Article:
The world, today, is grappling with a major health crisis. The percentage of overweight and obese children has been on the rise for decades now, and the problem, today, is worse than ever. WHO has termed this issue as an ‘exploding nightmare’.
The problem is even greater for a developing country like India. With a majority of the nation’s population under 35, it becomes more important than ever to nip the issue of obesity before it exacerbates further. Childhood obesity has been identified as a precursor to a number of serious physical ailments. These range from diabetes, hypertension, cardiovascular disease, depression, and even cancer. There are over 30 identified serious diseases that can be brought on because of obesity.
What is Obesity?
Obesity, or adiposity, is the deposit of excess body fat. Being overweight and obese are two separate issues. The common denominator among them both is the prevalence of excess body weight. Children often retain a certain amount of fat during their pre-teen years which aids their growth during the formative adolescent years. The question whether your child is overweight, obese or having normal weight, however, is something that is best judged by consulting an expert. There are a number of ways to measure if a child is overweight or obese.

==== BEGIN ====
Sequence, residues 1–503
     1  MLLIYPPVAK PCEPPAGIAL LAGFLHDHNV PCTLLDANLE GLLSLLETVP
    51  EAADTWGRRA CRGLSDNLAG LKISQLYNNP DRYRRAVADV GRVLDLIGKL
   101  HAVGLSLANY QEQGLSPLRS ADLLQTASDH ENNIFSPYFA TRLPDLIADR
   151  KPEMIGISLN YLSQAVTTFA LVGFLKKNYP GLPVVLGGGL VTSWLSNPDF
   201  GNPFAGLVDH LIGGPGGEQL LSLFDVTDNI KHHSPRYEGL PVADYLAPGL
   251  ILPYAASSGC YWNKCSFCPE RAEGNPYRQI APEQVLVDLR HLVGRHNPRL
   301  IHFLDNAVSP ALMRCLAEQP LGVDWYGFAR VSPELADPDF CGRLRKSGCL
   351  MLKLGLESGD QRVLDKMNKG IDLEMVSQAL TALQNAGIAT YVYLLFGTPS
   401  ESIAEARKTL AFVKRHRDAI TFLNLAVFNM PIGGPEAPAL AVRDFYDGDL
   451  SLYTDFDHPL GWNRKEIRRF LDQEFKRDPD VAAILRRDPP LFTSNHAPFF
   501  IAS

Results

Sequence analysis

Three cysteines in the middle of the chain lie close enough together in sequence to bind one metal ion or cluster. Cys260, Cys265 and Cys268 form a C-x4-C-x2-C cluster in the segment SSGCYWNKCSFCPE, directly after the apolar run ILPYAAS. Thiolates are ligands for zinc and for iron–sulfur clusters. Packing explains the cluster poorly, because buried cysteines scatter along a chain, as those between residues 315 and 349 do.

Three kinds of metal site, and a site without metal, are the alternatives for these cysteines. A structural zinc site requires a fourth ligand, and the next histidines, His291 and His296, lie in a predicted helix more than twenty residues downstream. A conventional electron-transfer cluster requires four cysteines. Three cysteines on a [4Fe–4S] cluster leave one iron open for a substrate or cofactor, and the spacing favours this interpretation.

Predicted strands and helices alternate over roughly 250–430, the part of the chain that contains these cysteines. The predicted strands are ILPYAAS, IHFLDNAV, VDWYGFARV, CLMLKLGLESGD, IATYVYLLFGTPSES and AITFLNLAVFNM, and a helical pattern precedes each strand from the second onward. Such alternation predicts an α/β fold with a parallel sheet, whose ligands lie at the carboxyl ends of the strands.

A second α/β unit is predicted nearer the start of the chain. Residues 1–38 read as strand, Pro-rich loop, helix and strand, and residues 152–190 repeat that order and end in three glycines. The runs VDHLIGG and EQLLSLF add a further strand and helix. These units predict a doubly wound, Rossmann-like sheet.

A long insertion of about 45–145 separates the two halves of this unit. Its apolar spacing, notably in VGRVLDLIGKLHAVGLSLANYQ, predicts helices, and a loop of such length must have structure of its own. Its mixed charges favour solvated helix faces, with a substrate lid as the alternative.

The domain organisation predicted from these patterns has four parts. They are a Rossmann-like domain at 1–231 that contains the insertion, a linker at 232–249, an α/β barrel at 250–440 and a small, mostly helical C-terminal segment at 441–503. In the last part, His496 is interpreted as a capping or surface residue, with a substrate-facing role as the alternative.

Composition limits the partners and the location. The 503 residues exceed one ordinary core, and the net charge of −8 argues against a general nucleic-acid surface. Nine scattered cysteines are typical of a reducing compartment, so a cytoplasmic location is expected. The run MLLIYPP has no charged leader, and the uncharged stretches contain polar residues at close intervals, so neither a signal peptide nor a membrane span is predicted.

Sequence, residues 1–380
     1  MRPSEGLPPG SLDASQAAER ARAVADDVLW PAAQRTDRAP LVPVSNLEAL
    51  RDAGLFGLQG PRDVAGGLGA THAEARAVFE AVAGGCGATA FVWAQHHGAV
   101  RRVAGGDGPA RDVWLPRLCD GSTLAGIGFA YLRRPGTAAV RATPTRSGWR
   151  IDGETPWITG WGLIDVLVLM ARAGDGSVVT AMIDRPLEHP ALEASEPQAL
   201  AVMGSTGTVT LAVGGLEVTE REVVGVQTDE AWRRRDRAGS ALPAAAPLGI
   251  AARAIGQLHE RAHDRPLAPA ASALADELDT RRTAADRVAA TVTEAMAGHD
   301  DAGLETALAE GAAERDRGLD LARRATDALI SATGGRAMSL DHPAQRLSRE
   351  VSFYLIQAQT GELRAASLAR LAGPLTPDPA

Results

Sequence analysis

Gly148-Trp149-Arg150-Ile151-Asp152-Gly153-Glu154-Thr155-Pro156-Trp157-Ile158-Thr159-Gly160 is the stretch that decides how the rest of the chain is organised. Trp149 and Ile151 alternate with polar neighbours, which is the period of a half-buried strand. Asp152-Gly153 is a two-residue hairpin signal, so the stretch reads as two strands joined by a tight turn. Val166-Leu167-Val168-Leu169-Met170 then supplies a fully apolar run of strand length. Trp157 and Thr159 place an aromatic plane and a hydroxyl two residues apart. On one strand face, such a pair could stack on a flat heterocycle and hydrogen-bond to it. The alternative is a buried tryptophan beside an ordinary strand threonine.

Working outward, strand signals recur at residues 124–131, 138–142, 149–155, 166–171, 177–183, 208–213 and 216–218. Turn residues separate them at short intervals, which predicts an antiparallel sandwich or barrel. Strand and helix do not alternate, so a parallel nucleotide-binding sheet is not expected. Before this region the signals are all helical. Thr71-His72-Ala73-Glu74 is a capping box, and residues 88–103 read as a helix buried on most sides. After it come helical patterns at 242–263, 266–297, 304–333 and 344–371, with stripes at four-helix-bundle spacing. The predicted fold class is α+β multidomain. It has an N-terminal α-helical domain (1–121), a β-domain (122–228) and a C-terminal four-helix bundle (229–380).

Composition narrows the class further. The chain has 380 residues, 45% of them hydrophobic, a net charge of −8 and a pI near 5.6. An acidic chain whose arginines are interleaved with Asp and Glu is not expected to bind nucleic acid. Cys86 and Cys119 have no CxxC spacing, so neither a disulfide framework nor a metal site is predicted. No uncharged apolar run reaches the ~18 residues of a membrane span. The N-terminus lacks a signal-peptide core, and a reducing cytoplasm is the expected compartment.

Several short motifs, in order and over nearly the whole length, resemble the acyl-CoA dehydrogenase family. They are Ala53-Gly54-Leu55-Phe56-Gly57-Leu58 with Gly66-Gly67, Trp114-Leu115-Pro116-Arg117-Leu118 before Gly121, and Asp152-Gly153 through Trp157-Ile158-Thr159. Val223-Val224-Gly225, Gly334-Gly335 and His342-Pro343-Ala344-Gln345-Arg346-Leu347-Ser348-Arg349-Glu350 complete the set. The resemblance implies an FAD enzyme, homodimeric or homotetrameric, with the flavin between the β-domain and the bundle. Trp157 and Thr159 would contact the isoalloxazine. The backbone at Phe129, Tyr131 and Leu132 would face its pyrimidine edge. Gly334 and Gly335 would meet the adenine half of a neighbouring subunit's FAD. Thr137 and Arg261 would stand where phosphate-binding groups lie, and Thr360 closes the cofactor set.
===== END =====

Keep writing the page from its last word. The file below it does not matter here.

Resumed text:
How is Obesity Measured?
The most common method of measurement is calculating the BMI, or body mass index. The BMI is calculated using the height and weight of the child. There are also online calculators and tables available for people to calculate the child’s BMI themselves.
There are also a number of field methods, or rough estimates, to ascertain if the child is overweight or obese. These include waist circumference, waist-to-hip ratio, skinfold thickness, and bioelectrical impedance. These means of measurement are used in a number of clinics, community settings as well as research studies.
Obesity in children is measured in BMI-for-age percentiles. This method calculates your child’s weight category based on their age and BMI. The BMI, however, is calculated on the basis of the child’s weight and height. Children above the 85th percentile are considered to be overweight. Research has found that children who are in the 85th percentile, or higher, continue gaining weight with time, this however, is not true for children at less than the 50th percentile.
Managing the Condition
There are a number of ways that one can manage obesity, especially in growing children. The key towards managing it, however, lies in recalibrating the habits of the child. And this begins with the parents. The child picks up habits from the parents, and having parents that embrace a healthy lifestyle is essential to the child being healthy as well. This is one of the basic support functions that we provide at Skooc.
The key is in identifying the habits that might be promoting obesity. Things like spending too much time on video games or an addiction to sugary drinks and confectionaries, are things that need to be tempered and managed. The key, however, lies in identifying these patterns. Once identified, we work with the parents and the child to help them rework these patterns into healthier versions. Thus leading them towards managing their weight problem in a healthier fashion as opposed to surgical or medical intervention.